Arizona’s adoption of new, more rigorous math standards in 2012 provided a unique opportunity to change the way math is taught for all students, especially those in high-needs schools. Building upon MAC-Ro’s foundations and recognizing that teachers are the key, Math 20/20 sought to go both deeper and wider.
It recognized that elementary school teachers are not immune to the ailment that afflicts our society generally – they too, suffer from math anxiety and sometimes lack confidence in their own math ability – beliefs that prevent effective teaching. Math 20/20 also recognized that the way young children learn math, how mathematical content develops and how it can best be taught are not concepts typically emphasized in teacher preparation programs.
So, Math 20/20 went deep, providing 50 hours of grade-specific teacher training over the course of the school year. It went wide by asking superintendents to establish Math 20/20 as a district-wide initiative. The commitment was not just to improve an individual classroom or even a school, but to improve the entire district. Success required a system-wide focus with strong leadership at the top building an engaged coalition of teachers, instructional coaches, principals and families, all of whom were committed not only to improving math scores but also to changing the culture around math in the school and in the community.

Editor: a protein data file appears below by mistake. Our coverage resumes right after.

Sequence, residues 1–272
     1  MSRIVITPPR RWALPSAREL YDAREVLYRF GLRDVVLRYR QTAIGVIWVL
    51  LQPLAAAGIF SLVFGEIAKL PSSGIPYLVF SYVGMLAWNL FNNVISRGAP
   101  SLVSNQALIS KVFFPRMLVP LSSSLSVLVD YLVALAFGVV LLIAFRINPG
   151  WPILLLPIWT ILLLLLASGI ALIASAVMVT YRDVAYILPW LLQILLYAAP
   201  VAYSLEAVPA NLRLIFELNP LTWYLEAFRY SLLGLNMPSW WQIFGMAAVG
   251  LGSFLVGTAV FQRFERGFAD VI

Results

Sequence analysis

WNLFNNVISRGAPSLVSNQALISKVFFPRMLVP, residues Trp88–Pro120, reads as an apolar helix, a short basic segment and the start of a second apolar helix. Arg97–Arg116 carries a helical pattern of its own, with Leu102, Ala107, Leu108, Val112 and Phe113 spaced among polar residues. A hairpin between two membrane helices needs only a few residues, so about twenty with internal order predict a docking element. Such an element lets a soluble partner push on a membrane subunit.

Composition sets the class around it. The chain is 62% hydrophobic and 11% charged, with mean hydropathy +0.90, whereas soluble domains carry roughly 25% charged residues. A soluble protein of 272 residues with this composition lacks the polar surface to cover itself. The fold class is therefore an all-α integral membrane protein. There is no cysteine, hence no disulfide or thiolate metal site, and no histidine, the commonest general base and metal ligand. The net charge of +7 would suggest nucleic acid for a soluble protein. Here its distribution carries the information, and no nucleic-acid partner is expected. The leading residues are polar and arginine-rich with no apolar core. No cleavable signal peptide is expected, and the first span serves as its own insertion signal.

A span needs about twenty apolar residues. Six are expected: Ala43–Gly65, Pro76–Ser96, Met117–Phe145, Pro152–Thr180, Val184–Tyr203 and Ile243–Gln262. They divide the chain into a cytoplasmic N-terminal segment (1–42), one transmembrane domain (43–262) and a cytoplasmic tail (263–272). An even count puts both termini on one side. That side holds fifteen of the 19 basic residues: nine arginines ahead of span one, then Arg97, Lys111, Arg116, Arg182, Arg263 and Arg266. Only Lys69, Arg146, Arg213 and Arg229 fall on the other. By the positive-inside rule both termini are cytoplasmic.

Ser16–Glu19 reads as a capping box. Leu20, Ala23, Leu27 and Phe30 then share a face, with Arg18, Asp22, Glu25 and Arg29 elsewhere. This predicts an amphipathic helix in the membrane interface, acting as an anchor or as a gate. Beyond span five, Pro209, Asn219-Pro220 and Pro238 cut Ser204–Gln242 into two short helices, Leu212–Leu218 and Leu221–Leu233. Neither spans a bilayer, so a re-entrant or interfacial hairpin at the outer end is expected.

One of the biggest challenges teachers reported from the implementation of Arizona’s College and Career Ready Standards was the difficulty parents had when trying to help their children with math homework. So, in addition to helping teachers become more effective at teaching math, Rodel also took on the challenge of helping parents and families understand the new standards.
The result was Math Power a book produced in English and Spanish that covered math concepts introduced in first grade all the way through sixth grade. It helped family members understand different terminology and appreciate that the new standards didn’t change the way math works but they did encourage students to think of multiple ways to solve problems. This could be frustrating for those used to thinking that math had only one right answer and only one way to get it! Math Power was used in conjunction with the Math 20/20 program and made available to the general public to purchase as a book or digitally as an app.